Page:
• Risk management and quantitative techniques, statistics and econometrics

Mr Philip Whiteman
Email: p.whiteman@bham.ac.uk

  • Policy implementation studies
  • Central and local government relations
  • Regulation of local government
  • Local authority corporate management scrutiny
  • Public sector performance, procurement and efficiency
  • Public consultation and participation
  • Organisation dynamics.

If I gain a postgraduate research degree in Local Government Studies, what are my career prospects?

The University of Birmingham has recently been ranked 9th in the UK, and 55th in the world, for post-qualification employability in a global survey of universities commissioned by the International Herald Tribune.

Over the last five years, an impressive 99.5% of Local Government Studies postgraduates have been in work and/or further study six months after graduation.

In addition to the academic knowledge gained through their course, postgraduates from Birmingham’s Institute of Local Government Studies develop transferable skills that are useful in many occupations. These include familiarity with research methods; the ability to manage large and diverse quantities of information; the ability to organise information in a logical and coherent manner; judging and evaluating complex information; and making reasoned arguments, both orally and in written work.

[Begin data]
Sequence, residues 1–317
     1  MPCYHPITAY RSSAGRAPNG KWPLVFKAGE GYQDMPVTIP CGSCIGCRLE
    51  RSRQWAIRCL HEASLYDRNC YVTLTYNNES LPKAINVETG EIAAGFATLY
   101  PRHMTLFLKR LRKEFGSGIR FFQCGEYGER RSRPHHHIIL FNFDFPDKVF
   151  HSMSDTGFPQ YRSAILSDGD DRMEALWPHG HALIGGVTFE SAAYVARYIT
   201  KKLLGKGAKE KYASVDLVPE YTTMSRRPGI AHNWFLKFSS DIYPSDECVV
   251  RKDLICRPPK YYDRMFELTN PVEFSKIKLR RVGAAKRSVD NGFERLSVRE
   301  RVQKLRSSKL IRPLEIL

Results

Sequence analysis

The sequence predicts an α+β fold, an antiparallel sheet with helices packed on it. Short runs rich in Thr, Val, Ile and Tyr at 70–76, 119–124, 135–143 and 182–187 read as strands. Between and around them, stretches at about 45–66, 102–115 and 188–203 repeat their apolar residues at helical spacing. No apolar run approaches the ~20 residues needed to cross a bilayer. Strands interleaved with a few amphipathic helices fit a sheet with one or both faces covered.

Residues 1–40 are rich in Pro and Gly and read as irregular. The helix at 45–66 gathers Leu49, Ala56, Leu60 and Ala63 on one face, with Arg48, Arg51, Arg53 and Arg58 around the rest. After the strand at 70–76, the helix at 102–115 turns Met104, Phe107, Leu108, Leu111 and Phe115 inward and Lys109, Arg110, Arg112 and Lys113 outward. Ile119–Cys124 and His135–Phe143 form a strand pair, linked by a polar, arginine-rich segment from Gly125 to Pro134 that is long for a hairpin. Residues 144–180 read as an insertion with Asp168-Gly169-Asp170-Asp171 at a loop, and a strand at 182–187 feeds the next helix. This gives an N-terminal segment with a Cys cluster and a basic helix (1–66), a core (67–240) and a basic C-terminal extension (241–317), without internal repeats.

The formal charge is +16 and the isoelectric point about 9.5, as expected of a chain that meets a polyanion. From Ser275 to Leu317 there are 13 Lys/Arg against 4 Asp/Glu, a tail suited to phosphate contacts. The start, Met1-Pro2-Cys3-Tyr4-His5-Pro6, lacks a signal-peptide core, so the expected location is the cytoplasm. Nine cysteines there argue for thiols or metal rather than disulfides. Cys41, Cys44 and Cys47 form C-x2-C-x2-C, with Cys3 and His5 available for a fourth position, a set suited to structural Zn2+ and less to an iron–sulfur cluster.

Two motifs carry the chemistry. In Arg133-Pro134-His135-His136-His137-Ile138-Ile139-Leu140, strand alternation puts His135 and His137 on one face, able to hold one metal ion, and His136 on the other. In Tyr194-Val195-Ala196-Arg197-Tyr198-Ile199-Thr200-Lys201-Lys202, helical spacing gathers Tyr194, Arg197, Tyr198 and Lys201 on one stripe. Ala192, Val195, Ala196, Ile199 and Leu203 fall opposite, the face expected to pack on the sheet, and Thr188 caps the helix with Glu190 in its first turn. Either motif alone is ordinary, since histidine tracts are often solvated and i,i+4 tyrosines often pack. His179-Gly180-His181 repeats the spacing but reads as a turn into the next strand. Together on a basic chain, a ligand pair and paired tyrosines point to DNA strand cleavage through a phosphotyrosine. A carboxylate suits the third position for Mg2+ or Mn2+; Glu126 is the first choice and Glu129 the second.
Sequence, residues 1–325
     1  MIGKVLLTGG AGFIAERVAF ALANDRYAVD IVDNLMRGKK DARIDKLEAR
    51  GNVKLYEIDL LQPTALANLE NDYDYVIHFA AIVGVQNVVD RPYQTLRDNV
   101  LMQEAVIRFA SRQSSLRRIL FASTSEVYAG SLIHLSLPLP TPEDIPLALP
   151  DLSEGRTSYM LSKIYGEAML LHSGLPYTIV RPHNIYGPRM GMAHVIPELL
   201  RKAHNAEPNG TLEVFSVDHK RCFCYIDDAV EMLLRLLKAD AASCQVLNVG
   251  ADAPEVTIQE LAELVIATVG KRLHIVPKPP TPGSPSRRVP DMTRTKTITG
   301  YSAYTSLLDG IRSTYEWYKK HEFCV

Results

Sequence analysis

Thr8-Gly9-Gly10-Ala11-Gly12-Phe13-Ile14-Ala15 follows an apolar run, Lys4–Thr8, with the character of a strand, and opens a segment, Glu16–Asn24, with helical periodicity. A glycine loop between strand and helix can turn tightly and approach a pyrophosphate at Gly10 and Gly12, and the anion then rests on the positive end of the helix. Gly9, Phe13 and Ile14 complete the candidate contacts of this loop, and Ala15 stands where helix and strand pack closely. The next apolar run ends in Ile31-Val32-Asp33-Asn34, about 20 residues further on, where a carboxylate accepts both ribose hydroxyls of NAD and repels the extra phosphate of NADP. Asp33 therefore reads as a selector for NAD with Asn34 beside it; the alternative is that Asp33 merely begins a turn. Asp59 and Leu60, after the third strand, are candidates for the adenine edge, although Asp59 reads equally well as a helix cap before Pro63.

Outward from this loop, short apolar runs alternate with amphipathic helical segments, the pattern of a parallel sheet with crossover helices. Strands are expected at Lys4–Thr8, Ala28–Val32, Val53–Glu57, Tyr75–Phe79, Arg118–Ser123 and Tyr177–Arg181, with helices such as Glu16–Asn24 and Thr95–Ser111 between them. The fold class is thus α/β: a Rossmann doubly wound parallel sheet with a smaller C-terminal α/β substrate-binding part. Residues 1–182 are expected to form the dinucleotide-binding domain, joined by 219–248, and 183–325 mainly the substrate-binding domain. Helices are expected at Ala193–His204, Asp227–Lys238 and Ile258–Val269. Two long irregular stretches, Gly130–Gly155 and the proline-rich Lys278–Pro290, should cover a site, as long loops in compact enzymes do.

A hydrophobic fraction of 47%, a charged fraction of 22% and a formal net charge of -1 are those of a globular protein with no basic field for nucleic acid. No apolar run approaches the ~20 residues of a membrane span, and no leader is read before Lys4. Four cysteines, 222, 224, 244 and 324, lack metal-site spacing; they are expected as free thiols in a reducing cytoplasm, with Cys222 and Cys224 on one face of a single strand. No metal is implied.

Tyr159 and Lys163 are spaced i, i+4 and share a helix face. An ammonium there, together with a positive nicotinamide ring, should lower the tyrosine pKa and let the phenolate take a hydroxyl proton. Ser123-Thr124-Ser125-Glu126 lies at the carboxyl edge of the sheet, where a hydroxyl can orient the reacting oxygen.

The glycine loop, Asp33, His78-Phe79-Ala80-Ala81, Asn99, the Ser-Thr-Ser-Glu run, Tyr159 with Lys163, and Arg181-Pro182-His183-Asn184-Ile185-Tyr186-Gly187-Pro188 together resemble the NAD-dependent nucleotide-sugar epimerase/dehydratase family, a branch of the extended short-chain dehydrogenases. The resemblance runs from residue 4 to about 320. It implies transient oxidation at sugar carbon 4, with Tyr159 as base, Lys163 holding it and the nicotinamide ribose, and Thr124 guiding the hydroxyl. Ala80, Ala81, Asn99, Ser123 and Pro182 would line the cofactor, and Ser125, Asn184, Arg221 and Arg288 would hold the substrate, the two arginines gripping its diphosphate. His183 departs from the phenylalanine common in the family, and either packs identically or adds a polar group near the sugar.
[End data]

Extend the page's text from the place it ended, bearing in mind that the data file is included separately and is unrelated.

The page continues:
Institute of Local Government Studies graduates are attracted to careers in both public and private sectors. These include local government, policing, health services, transport, legal services, prison services and housing. Some of these careers require further professional training, and/or building a portfolio of relevant work experience. Many PhD graduates of the Institute of Local Government Studies also successfully gain academic research and teaching posts.

What type of career assistance is available to doctoral researchers in this department?

The College of Social Sciences, to which the Institute of Local Government Studies belongs, has specially designated careers advisors and careers consultants who can provide guidance for doctoral researchers on career paths, CVs, training opportunities, application and interviews. The University’s central Careers’ Service also runs workshops and offers personally tailored advice and guidance including 1-1 careers advice, 1-1 CV advice. The Career’s Service also runs CV writing workshops especially for postgraduates in the College of Social Sciences, giving advice on how to compile CVs for both employment and for academic roles.

The University also has dedicated careers advisors for International students who run workshops and networking opportunities with potential employers. These are especially popular with International postgraduate researchers.